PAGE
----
These days when immigrants are all too often vilified by hate groups, Ella Madatyan’s blossoming business career demonstrates the contributions America’s newcomers can make. Now a single mother raising three children, Ella already owns five Armenian bakeries in Los Angeles, with more outlets coming, and is about to launch a clothing line to help her open a nonprofit organization to support domestic violence victims.
Coming to America with her family when she was four, she watched her father open business after business, often financed with little more than his own sweat equity. The family settled in Glendale, California, a suburb of Los Angeles that is the home for 80,000 Armenian-Americans, the second largest number in the world outside of Yerevan.
Fascinated by what she saw at her dad’s various ventures, she developed a huge interest in business, which soon led to marketing studies in college.
Then, in 2008, halfway through school, her father asked her to step in to run one of his businesses, which was on the verge of failing. Ella jumped into the turnaround project with both feet. That first business, Papillon Bakery, became the cornerstone of her burgeoning empire, which now includes five thriving outlets in North Hollywood, Northridge, Hollywood, and two locations in Glendale.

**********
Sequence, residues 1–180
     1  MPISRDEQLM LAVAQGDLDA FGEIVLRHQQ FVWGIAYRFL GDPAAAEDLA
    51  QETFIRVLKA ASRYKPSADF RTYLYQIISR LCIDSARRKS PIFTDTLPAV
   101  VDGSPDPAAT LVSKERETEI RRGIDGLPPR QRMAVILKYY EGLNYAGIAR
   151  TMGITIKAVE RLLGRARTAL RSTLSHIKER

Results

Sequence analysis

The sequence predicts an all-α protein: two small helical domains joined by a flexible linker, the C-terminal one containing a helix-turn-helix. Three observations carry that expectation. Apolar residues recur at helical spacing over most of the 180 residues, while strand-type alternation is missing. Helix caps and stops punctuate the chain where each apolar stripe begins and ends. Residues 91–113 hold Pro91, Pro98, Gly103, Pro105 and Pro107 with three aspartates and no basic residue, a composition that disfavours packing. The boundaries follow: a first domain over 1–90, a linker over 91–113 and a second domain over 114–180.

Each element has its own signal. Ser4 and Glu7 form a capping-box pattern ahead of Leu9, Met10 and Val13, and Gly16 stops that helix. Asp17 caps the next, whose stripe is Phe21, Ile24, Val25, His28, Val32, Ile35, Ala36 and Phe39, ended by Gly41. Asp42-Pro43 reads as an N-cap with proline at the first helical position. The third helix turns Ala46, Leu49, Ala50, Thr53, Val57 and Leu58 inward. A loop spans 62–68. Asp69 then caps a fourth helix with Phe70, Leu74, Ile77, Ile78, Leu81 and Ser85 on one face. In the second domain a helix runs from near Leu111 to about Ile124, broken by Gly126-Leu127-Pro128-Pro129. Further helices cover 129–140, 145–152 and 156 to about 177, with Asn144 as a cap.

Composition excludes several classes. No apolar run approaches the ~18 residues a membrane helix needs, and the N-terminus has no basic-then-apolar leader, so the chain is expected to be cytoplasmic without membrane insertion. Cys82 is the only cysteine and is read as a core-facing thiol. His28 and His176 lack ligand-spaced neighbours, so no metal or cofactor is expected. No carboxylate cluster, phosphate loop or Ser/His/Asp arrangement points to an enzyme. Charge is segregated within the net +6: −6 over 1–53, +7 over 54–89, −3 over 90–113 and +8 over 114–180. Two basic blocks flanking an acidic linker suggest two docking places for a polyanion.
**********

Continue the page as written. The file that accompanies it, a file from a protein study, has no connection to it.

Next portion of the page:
“My goal is to launch two more locations by the end of next year,” Ella says. “I love to work. It doesn’t matter what the job is, I try to do the best I can in everything I do.”
Her bakeries serve traditional Armenian pastries such as ponchikis, perashkis, borek, and Armenian pizza, in addition to other national favorites—empanadas, churros, and napoleons.
Ponchikis—a tasty Armenia favorite with Papillon’s many repeat customers—are similar to doughnuts filled with vanilla custard, Nutella, or jam. “But I put my own twist on everything we bake,” Ella says. “And me and one other person are the only ones who know what goes into our ponchikis.”
Ella uses her large Instagram following to share posts about all the new cravings her bakers create, attracting a large celebrity clientele to her bakeries—including fellow Armenian-American Kim Kardashian. Ella and her team are forever concocting new recipes or putting twists on traditional ones.
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Now that her businesses survived the worst of the pandemic, Ella is looking to franchise her bakeries and focus on developing women business owners.
“It’s really hard for women to succeed,” she says. “And I want to give younger generations hope from my example.”
But even the sweetest cherry has its pit.
After Ella’s eight-year marriage ended with a very public divorce, she found herself raising her three children as a single mother while balancing her growing business responsibilities, experiences she uses to help other women escape toxic relationships.
“Even having financial means and my family’s support, it still took me a long time to get out,” she says.
As she recounted some of her relationship travails on that very active Instagram account, women who found themselves in similar difficulties would seek Ella’s advice.
“There has to be a reason why I went through everything I did,” Ella reflects. “Maybe that’s it.”